English, PDF, 3,238kb
This PISA report provides a first systematic attempt to examine the performance of students in school jointly with the expectations they have for their own educational future.
While enrolment in tertiary education has increased dramatically over the past decades, many university-aged students do not enrol, nor do they expect to earn a university degree. While it is important to promote high expectations for further education, it is equally important to ensure that students’ expectations are well-aligned with their actual abilities. Grade Expectations: How Marks and Education Policies Shape Students' Ambitions reveals some of the factors that influence students’ thinking about further education. The report also suggests what teachers and education policy makers can do to ensure that more students have the skills, as well as the motivation, to succeed in higher education.
In 2009, students in 21 PISA-participating countries and economies were asked about their expected educational attainment. An analysis of PISA data finds that students who expect to earn a university degree show significantly better performance in math and reading when compared to students who do not expect to earn such a university degree. However, performance is only one of the factors that determine expectations. On average across most countries and economies, girls and socio-economically advantaged students tend to hold more ambitious expectations than boys and disadvantaged students who perform just as well; and students with higher school marks are more likely to expect to earn a university degree – regardless of what those marks really measure.
What does the OECD have to say about the state of education today? What are the main OECD messages on early childhood education, teacher policies and tertiary education? What about student performance, educational spending and equity in education? OECD work on these important education topics and others have been brought together in a single accessible source updating the first edition of Education Today which came out in March 2009.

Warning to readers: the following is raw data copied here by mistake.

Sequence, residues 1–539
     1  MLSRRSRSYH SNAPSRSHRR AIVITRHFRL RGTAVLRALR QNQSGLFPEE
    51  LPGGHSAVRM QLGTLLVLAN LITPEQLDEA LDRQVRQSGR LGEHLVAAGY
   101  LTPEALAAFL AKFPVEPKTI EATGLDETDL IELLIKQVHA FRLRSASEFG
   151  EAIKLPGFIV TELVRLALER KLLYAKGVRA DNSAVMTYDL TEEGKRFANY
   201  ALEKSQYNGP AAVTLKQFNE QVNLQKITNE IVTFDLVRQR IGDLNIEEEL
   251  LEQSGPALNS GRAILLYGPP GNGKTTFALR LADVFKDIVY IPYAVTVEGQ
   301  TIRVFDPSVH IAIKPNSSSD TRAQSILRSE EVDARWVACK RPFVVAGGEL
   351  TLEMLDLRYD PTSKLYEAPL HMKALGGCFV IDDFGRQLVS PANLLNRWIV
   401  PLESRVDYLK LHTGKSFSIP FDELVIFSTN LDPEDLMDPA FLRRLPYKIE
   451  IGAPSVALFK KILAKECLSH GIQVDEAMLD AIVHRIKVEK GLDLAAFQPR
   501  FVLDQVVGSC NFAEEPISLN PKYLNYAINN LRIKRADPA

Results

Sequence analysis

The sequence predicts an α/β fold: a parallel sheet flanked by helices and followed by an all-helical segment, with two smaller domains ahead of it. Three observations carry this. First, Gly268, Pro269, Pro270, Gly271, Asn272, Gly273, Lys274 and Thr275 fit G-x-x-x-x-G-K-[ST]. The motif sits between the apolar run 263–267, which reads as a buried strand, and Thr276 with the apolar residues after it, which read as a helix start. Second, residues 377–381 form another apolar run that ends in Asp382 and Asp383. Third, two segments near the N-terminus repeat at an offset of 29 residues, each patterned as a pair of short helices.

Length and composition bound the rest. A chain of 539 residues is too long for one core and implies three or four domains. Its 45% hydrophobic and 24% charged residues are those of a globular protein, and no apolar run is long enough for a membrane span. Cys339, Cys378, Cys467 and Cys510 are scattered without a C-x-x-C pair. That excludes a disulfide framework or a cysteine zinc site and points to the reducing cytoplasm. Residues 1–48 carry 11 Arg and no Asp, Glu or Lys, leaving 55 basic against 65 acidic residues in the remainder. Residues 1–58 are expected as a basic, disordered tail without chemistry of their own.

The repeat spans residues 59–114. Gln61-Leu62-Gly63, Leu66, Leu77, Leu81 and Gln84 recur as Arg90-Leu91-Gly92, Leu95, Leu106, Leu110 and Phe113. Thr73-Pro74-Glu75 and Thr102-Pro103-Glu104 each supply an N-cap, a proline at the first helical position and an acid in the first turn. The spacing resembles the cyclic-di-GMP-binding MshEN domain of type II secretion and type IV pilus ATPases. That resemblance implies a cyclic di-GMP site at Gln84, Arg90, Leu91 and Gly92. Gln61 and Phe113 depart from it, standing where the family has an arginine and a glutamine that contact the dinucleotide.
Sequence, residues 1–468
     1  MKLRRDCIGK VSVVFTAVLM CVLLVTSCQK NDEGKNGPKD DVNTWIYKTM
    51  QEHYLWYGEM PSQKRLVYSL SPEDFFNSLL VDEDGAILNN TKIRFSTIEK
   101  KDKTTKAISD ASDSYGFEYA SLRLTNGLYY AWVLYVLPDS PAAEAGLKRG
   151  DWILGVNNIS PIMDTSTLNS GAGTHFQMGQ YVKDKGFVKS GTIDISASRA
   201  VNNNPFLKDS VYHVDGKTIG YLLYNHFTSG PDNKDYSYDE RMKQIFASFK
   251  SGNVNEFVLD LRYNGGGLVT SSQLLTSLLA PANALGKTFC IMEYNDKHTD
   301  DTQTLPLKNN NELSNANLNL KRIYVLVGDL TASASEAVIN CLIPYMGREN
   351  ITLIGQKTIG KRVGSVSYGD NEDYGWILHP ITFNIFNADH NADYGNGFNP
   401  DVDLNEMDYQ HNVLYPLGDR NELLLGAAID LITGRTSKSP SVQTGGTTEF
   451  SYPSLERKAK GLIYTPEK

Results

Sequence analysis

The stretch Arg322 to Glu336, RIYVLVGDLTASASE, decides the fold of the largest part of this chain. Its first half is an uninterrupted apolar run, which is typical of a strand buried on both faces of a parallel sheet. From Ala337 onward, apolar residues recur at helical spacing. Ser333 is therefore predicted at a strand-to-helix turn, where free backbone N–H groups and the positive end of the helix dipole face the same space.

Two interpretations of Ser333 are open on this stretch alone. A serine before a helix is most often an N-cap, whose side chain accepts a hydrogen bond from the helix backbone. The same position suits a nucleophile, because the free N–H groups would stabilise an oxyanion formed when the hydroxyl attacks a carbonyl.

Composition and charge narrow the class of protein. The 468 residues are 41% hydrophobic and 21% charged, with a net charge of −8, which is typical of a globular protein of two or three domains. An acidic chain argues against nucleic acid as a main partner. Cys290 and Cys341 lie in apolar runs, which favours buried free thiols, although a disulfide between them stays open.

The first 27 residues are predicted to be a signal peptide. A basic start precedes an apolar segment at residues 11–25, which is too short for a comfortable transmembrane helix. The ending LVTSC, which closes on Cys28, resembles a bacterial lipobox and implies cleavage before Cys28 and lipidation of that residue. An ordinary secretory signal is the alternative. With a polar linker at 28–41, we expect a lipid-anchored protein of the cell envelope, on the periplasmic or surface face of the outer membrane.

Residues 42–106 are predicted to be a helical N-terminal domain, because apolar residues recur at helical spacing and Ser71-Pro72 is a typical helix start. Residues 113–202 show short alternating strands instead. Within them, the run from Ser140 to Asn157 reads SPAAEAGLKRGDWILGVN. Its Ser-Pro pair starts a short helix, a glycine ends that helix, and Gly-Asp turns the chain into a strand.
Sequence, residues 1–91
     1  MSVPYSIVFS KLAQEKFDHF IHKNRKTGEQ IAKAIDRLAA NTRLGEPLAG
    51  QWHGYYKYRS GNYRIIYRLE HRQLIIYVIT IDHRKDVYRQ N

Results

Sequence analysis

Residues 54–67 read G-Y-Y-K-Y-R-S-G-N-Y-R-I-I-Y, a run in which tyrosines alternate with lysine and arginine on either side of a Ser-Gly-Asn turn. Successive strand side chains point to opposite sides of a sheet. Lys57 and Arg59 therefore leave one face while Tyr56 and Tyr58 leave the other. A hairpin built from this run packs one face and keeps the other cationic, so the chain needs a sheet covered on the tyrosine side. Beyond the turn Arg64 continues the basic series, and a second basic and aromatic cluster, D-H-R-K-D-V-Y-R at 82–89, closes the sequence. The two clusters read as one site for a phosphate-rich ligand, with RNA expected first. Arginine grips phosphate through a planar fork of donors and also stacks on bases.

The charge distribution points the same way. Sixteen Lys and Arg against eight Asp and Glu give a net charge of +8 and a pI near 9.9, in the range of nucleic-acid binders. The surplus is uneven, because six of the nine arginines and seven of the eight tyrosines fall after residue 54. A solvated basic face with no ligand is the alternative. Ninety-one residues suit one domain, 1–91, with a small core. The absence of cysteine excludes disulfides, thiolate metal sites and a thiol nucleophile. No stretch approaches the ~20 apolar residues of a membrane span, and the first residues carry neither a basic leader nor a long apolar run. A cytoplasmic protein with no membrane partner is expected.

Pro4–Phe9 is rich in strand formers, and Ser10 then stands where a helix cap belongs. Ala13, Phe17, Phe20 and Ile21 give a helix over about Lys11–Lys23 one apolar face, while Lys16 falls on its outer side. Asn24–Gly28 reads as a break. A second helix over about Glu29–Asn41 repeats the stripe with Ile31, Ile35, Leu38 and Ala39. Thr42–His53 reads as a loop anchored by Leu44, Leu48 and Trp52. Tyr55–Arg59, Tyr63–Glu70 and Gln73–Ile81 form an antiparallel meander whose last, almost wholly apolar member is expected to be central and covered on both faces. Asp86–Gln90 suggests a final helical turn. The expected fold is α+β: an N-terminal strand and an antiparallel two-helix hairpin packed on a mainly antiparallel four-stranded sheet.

OECD Education Newsletter - Bringing you the highlights from the OECD Directorate for Education and Skills(December 2012)
OECD Education Today… and tomorrow
French, PDF, 2,608kb
Dans les pays de l’OCDE, la taille moyenne des classes dans le premier cycle de l’enseignement secondaire s’établit à 23 élèves. On constate cependant des différences significatives entre les pays, les classes comptant plus de 32 élèves en Corée et au Japon, contre 19 ou moins en Estonie, en Islande, au Luxembourg, au Royaume-Uni et en Slovénie.
Spanish, PDF, 4,903kb
Education Indicators in Spanish - EDIF 8 El aumento del gasto privado en la educación, especialmente en la superior, ¿está relacionado con una menor financiación pública y un acceso menos equitativo?? Tooltip
English, PDF, 922kb
Chile has developed rapidly in the past two decades – it has become a strong economy, and a member of the OECD. Despite the global recession, the devastating earthquake and the tsunami, Chile is still one of the most successful economies in Latin America. The total GDP, as well as the GDP per capita, have been increasing; while income inequality and the percentage of poverty among the population have decreased.
English, PDF, 927kb
Israel has many different programmes in postsecondary vocational education and training, including practical engineering and technician programmes and vocational courses which are the main focus of this commentary.
English, PDF, 1,902kb
This report was prepared by the Secretariat of Public Education (Mexico) as an input to the OECD Review on Evaluation and Assessment Frameworks for Improving School Outcomes. The document was prepared in response to guidelines the OECD provided to all countries.